Saluting our Military Children
April 10, 2009
- For the last 23 years, the month of April has been used to provide us an opportunity to pay tribute to our nation's youngest heroes.
- When a Soldier is deployed, his whole family must endure the separation.
- We have all come to realize that if we are family strong then we are Army strong.
- We are all a family here on post.
With April comes spring -- and the Army's Month of the Military Child.
This year's month-long awareness of military-connected children kicked off April 1 with a ribbon cutting at the Child Development Center, followed by a parade and an impromptu dance festival for all the children and their teachers.
"For the last 23 years, the month of April has been used to provide us an opportunity to pay tribute to our nation's youngest heroes," said Kara Pleasant, president of Redstone Arsenal's Parent Advisory Council, who spoke at the kickoff ceremony.
"This is our time to recognize the unique challenges and struggles they face as well as acknowledge their contributions and unconditional support of our troops."
When a Soldier is deployed, his whole family must endure the separation. But that separation often falls hardest on the youngest members of the household, said Andre Terry, chief of Child and Youth Services.
"The Month of the Military Child is more than a recognition of our children. It's also a reflection of the strength of our families, and the support roles families, and especially children, have when their Soldier is deployed," Terry said.
"We have all come to realize that if we are family strong then we are Army strong. Family members, and especially youth and children, are affected by deployments and multiple deployments. We must work to keep families strong during a time of big sacrifices."
Children don't have a say in whether a parent will be deployed, and that makes them very special heroes, Pleasant said.
"They accept and understand there is a job to be done," she said. "So, if you have children and they have a deployed parent during this month, give them all the hugs and kisses they are missing. Give them understanding when they cry ... praise when they do something good ... but above all give them love because our children have the biggest and bravest hearts of all."
While the Month of the Military Child does put the focus on military-connected children, the children of DoD civilians, contractors and NASA civilians are also welcome to participate in the month's special activities on Redstone Arsenal.
"We are all a family here on post," Terry said.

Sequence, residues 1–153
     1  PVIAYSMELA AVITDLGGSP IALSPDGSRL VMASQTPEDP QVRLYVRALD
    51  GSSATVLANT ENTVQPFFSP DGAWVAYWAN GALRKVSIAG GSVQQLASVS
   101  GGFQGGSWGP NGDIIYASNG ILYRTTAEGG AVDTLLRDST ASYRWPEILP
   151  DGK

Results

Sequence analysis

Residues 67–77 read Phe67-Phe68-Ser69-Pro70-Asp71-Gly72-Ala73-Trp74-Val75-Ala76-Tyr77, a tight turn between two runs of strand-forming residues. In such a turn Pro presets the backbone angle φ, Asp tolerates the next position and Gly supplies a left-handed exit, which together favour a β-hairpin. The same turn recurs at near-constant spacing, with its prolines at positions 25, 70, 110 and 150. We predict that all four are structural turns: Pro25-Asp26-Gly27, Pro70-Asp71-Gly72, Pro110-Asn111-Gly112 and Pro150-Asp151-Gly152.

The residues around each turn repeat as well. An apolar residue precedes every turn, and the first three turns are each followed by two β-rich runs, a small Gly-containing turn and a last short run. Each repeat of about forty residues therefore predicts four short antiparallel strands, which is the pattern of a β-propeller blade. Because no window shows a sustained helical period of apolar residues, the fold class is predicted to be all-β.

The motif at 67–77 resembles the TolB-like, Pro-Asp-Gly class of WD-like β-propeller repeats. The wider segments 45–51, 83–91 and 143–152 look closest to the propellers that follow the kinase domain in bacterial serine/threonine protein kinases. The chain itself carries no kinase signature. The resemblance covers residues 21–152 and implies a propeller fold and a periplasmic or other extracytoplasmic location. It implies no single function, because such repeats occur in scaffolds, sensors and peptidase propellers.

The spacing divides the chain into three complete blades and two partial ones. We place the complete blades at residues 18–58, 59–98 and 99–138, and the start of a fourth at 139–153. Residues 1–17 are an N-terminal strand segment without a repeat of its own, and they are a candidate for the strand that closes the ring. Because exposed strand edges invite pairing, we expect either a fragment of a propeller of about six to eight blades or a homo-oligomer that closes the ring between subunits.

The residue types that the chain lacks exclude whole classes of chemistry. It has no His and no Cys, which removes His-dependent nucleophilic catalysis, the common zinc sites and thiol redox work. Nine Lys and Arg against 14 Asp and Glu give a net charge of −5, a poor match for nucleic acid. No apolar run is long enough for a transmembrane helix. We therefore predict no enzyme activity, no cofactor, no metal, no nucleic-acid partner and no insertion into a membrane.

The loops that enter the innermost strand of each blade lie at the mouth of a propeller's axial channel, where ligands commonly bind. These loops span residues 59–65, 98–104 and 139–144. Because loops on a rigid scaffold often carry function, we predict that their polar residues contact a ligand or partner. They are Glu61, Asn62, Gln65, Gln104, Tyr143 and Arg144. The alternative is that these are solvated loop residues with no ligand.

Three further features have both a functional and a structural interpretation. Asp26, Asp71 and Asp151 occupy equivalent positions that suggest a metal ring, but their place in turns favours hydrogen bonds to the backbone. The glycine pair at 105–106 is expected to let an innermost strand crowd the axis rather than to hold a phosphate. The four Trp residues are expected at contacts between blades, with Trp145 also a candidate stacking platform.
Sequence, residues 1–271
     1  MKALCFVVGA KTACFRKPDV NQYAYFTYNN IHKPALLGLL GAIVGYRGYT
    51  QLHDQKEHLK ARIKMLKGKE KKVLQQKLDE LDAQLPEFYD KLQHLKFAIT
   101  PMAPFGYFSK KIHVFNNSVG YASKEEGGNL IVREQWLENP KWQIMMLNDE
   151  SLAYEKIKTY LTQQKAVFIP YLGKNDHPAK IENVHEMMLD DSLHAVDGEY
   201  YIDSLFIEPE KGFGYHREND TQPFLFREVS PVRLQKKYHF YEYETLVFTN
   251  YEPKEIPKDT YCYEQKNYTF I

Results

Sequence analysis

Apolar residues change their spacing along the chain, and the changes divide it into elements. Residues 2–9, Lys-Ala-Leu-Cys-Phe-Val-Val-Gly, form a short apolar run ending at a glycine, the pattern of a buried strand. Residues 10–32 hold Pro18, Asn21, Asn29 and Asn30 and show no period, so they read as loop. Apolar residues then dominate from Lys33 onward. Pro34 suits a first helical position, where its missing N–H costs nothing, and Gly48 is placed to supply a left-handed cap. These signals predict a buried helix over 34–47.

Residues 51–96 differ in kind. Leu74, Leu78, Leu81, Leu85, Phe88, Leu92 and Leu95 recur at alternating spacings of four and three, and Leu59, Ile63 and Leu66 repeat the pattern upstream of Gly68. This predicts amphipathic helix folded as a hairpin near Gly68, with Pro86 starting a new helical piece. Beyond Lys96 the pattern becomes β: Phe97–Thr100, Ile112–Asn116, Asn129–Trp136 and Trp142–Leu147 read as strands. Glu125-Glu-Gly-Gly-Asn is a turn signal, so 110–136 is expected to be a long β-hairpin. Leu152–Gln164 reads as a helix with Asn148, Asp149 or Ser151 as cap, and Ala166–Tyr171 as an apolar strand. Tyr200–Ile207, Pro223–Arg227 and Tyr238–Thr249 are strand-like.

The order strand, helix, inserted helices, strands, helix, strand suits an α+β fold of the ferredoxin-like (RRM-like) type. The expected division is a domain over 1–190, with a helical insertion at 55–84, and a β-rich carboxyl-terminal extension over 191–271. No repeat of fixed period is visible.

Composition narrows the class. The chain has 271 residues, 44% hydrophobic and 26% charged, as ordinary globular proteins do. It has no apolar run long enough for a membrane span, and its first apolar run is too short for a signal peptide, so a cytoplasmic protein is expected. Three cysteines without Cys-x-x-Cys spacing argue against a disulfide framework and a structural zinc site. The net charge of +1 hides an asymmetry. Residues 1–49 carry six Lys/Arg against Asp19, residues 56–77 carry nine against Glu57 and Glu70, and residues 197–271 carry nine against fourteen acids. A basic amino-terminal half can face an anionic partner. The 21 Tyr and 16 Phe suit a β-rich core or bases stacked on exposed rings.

Besides the kickoff parade last week, the month's activities included a ribbon cutting and dedication of the new School Age Services Center on Friday. There are several other upcoming events.
This Friday, April 10, children will participate in Olympics Day at the soccer field off Goss Road.
"It will be a fun day of obstacle courses and physical activity for the children," Terry said. "They'll run, play, crawl and jump. It's sort of an organization day for children."
Although Olympics Day is focused on the children of CDC, Terry said it is also open to home-school children or children not associated with CDC who would like to participate with their parents.
This Saturday, April 11, the annual Redstone Arsenal Easter Egg Hunt will once again take place at Vincent Park. This community-wide event will begin at 11 a.m.
Other events include the CDC open house on April 16 from 4:30-5:30 p.m., a visit by Spiderman at the CDC on April 17 beginning at 9:30 a.m. and at the SASC beginning at 3:30 p.m., and a visit to the CDC by the Bob Jones Drumline on April 27. During the week of April 19, which is the Week of the Military Child, special activities are planned for each day for the children at the CDC, with parents invited to a barbecue lunch on April 24. The month-long recognition will end on May 2 with the annual block party beginning at 1 p.m. outside the Youth Center on Vincent Road.
"Everything at the block party is free," Terry said. "There will be vendors, games, entertainment, food, arts and crafts, face painting. It is free and open to anyone who can get on post. DoD civilians, contractors and NASA employees -- we'd love for them to bring their children."
Besides planned activities, families might also want to take time out to recognize the Month of the Military Child by organizing their own special activity.
"Families should think about doing something special that they don't normally do," Terry said. "There are a lot of things right here on the Arsenal that families can enjoy. They can go for a walk on one of the nature trails, bowl at the bowling center, enjoy a book at the library, have a picnic at one of our parks, any number of things."
In recognition of the children of Redstone Arsenal personnel, Terry said Child and Youth Services has now waived all registration fees for children who want to sign up for one of its many programs.
"Children can now register for free to participate in our sports program, any of our instructional programs, participation at CDC or SASC, summer camp and other activities," Terry said.
"We are doing this because we recognize that keeping all our families strong supports our Soldiers. That's important to fulfilling the mission of our Army covenant. A lot of families, especially these days, can't afford $30 or $40 per child to register them. If you want to get your kids involved in our outstanding programs, now's the time to do it. We can provide all employees the luxury and convenience of bringing their child on post to participate in our programs, especially during the summer months when many older children are left home alone."